Companies are meeting this challenge by building adaptability into their fulfillment processes, accommodating customers who make changes to orders right up to-and even after-shipment. This way, customers can be assured of receiving what they want-even if what they want changes during the fulfillment process.
The most powerful means of achieving this adaptability is by providing real-time online visibility-giving customers online access to real-time fulfillment and inventory availability to help them make more informed decisions and better manage their own activities. In this way, potential issues can be addressed before ordering, or after order tracking. Better planning from the customer reduces the cost of provisioning and smoothes workflow, both within and outside of the warehouse. It eases the burden of customer communications from logistics management and customer service staff by providing a means of around-the-clock self-service. In today's dynamic markets, such adaptability is both a competitive advantage and a value-added service to the customer.
3) Confirm With Bar Codes
When picks are confirmed by means of bar code scanning, and paperless picking is used to generate the appropriate documents at the appropriate time and place, both accuracy and worker productivity are increased because the need for manual confirmations (i.e., checking and double checking) is minimized.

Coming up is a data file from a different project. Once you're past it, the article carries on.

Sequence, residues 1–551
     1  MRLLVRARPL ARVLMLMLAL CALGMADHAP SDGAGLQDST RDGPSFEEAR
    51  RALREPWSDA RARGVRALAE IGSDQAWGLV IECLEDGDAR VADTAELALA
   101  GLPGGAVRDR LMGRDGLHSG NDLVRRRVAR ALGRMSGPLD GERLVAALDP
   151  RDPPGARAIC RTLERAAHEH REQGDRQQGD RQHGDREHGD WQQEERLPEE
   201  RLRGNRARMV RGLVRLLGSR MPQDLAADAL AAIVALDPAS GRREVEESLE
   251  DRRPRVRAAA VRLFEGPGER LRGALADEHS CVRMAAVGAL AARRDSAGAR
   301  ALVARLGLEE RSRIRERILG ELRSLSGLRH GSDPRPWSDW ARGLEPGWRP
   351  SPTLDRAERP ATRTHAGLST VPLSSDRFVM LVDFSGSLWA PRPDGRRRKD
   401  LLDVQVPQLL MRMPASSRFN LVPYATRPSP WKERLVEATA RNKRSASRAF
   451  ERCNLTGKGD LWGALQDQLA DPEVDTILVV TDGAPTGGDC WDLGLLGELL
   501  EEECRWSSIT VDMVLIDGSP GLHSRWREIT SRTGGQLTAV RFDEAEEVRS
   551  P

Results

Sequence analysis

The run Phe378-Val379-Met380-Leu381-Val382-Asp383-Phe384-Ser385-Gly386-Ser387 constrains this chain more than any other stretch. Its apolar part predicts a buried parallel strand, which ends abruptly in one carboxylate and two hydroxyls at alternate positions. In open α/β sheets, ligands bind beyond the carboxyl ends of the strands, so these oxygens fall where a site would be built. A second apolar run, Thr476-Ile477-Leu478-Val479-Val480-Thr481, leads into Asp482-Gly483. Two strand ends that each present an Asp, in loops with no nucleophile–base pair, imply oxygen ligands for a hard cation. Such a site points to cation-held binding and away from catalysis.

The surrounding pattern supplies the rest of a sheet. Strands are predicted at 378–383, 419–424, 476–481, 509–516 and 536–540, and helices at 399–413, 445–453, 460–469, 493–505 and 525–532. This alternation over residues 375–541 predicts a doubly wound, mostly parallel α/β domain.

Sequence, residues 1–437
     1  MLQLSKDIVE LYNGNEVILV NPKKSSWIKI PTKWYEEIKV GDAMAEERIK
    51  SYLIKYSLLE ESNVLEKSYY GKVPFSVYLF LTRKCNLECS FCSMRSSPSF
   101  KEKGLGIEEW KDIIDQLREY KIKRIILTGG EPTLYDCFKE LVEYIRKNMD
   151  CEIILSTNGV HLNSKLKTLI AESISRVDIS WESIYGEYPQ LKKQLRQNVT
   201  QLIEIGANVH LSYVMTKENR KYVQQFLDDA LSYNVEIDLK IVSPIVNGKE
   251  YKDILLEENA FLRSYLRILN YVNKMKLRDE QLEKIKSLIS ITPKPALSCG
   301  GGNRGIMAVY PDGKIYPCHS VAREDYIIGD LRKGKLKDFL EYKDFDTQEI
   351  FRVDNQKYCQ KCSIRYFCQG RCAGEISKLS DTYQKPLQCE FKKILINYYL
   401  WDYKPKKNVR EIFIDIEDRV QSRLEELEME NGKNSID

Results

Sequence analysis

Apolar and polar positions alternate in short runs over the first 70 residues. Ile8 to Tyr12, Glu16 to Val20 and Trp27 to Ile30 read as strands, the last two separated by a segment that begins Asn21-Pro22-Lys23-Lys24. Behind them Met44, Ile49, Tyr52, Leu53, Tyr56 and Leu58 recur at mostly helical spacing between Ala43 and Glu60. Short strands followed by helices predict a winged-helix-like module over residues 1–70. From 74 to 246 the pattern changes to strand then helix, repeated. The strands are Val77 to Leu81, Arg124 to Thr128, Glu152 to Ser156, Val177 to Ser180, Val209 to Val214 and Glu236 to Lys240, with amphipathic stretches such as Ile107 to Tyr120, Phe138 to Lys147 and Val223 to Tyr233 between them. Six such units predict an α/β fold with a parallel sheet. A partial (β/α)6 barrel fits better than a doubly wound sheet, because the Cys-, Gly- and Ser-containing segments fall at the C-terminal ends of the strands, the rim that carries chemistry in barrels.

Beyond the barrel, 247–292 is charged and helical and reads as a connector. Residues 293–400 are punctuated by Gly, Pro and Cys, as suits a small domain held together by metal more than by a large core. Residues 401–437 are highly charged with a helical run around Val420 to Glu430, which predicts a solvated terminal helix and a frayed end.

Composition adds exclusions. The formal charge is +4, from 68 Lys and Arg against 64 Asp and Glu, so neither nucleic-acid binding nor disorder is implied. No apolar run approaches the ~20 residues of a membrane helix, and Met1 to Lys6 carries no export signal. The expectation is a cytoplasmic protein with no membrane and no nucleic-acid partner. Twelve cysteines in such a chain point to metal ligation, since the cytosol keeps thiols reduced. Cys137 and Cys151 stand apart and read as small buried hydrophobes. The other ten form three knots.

Filling out paperwork is a dull and time-consuming process. Particularly in warehouses that incorporate a large amount of sorting, companies often allocate hordes of personnel simply to sort product before picking-a process that may also involve extensive paper documentation, adding hours or days to the fulfillment process.
By leveraging bar code scanning to automate the picking process, logistics managers are saving significant time and labor and greatly improving accuracy. The real-time data that is provided through this process also improves efficiencies throughout the fulfillment process, simply because actual data is much more powerful than theoretical projections when planning or analyzing activities.
4) Automate Picking Processes
A variety of methods are being implemented to automate formerly paper-based picking processes for greater order-fulfillment speed. The two most common methods are material-handling automation and radio frequency (RF)-directed picking.